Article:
Socialist Federal Republic of Yugoslavia facts for kids
|Socialist Federal Republic of Yugoslavia|
|Socijalistička Federativna Republika Jugoslavija
Социјалистичка Федеративна Република Југославија
Bratstvo i jedinstvo
"Brotherhood and Unity"
Slovene, and Macedonian
|•||1945 - 1953 (first)||Ivan Ribar|
|•||1953 - 1980||Josip Broz Tito|
|•||1991 - 1992 (last)||Stjepan Mesić|
|•||1945 - 1953 (first)||Josip Broz Tito|
|•||1989 - 1991 (last)||Ante Marković|
|Historical era||Cold War|
|•||Proclamation||November 29, 1945|
|•||UN membership||24 October 1945|
|•||Constitutional reform||21 February 1974|
|•||Secessions||25 June 1991 - 27 April 1992 1992|
|•||July 1989||255,804 km2 (98,766 sq mi)|
|•||July 1989 est.||23,724,919|
|Density||93/km2 (240/sq mi)|
The Socialist Federal Republic of Yugoslavia was the Yugoslav state that existed from the second half of World War II (1945) until it was formally dissolved in 1992 (de facto dissolved in 1991 with no leaders representing it) amid the Yugoslav wars. It was a socialist state and a federation made up of Bosnia and Herzegovina, Croatia, Macedonia, Montenegro, Serbia, and Slovenia. In 1992, the two remaining states still committed to a union, Serbia and Montenegro, formed the Federal Republic of Yugoslavia, which had not been recognized as the successor of the SFRY by international leaders.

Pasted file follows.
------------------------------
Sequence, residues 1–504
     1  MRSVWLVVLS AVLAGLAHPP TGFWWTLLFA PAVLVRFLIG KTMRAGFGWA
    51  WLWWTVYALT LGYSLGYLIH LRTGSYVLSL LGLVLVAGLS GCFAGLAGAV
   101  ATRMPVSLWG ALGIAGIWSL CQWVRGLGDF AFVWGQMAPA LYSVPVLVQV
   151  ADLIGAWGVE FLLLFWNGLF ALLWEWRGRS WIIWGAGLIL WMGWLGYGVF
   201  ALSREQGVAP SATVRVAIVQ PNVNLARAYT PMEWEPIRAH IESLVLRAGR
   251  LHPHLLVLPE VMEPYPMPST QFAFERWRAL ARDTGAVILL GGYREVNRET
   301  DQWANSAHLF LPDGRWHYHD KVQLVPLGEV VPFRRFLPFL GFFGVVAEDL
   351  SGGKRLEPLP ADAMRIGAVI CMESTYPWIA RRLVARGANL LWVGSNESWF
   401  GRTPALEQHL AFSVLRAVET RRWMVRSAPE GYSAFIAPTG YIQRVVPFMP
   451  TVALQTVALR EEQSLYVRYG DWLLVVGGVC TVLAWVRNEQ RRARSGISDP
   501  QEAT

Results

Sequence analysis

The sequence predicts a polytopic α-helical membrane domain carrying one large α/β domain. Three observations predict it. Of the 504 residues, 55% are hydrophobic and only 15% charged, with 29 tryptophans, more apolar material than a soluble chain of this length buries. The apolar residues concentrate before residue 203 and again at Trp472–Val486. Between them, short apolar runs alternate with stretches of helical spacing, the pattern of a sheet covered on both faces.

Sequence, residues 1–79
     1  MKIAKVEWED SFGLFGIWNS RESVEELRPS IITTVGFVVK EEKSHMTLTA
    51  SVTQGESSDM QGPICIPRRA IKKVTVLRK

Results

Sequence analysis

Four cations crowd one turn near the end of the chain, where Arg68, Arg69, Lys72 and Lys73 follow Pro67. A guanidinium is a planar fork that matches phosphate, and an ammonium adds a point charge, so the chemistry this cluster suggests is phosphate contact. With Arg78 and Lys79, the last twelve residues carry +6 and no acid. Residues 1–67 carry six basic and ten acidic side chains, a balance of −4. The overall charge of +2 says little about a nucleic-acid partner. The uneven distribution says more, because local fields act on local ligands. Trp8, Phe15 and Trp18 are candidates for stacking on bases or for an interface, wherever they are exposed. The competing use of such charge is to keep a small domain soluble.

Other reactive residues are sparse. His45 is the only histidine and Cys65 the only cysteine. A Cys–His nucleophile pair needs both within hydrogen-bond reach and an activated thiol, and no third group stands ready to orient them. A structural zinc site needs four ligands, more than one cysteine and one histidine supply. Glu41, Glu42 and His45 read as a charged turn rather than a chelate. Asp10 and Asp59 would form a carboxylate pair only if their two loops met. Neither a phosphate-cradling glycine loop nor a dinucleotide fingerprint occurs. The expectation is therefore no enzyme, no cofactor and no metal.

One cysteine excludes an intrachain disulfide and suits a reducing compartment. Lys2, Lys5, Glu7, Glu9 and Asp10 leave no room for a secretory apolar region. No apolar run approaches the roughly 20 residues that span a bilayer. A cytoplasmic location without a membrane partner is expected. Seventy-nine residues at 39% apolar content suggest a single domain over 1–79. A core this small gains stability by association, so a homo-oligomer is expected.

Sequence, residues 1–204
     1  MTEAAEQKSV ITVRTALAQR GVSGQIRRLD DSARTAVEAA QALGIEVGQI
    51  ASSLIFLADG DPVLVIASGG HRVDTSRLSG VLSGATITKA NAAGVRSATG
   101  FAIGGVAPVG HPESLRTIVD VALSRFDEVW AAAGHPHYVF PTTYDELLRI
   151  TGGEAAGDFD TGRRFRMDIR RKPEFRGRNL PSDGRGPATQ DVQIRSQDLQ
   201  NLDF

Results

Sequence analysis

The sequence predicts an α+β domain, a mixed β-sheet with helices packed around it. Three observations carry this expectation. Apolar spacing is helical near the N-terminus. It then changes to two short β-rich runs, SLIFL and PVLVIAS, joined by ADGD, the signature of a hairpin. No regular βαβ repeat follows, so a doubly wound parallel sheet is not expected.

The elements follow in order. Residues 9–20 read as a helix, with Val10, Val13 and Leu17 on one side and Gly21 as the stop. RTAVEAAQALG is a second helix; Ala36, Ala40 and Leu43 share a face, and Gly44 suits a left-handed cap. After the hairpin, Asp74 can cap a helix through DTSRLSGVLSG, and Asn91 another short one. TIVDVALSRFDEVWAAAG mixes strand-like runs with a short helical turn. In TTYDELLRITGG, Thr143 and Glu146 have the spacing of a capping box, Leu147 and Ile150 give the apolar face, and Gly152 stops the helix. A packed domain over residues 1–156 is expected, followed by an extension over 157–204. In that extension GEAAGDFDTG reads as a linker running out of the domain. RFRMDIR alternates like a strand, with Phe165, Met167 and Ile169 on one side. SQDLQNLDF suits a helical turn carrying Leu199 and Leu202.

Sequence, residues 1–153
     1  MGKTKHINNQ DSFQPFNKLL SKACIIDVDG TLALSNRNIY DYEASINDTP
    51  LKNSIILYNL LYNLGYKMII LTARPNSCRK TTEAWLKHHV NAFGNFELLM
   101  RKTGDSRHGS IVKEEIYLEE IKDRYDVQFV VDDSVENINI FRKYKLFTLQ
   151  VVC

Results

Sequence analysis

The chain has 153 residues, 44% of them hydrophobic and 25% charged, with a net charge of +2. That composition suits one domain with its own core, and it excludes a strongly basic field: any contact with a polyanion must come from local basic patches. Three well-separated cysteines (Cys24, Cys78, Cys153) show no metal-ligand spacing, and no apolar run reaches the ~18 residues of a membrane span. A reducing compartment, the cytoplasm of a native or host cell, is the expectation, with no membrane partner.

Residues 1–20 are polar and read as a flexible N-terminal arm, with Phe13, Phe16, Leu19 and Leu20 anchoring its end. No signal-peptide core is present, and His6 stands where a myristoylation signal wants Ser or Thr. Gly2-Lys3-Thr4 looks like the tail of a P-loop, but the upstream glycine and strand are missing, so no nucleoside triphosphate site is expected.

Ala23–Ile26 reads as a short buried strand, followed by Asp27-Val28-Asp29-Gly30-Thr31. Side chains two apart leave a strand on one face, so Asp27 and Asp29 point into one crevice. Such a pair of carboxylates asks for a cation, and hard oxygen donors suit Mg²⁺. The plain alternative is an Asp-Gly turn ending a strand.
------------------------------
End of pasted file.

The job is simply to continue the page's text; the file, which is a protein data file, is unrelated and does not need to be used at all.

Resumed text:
A provisional parliament met in August 1945, comprising delegates from all parts of the country plus 68 representatives of prewar political parties and 13 independents. Elections for a bicameral parliament, which was to comprise a federal council and a council of nationalities and was to have the powers of a constituent assembly, were held on 11 November 1945: no political opposition to the People's Front was allowed. This situation caused the three royalist representatives, Grol-Subasic-Juraj Sutej, to secede from the provisional government indeed voting was on a single list of People's Front candidates with provision for opposition votes to be cast in separate voting boxes but this procedure made electors identifiable by OZNA agents. A powerful election campaign was mounted to ensure a large majority for Josip Broz Tito's People's Front, the general organization behind which the communist party operated.
The modern countries whose territory formerly made up Yugoslavia are still today sometimes called the "former Yugoslavia". These countries are:
- Slovenia (since 1991)
- Croatia (since 1991)
- Macedonia (since 1991)
- Bosnia and Herzegovina (since 1992)
- Federal Republic of Yugoslavia (Serbia and Montenegro) (1992 to 2006)
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Marshal Josip Broz Tito led Yugoslavia from 1944 to 1980
Socialist Federal Republic of Yugoslavia Facts for Kids. Kiddle Encyclopedia.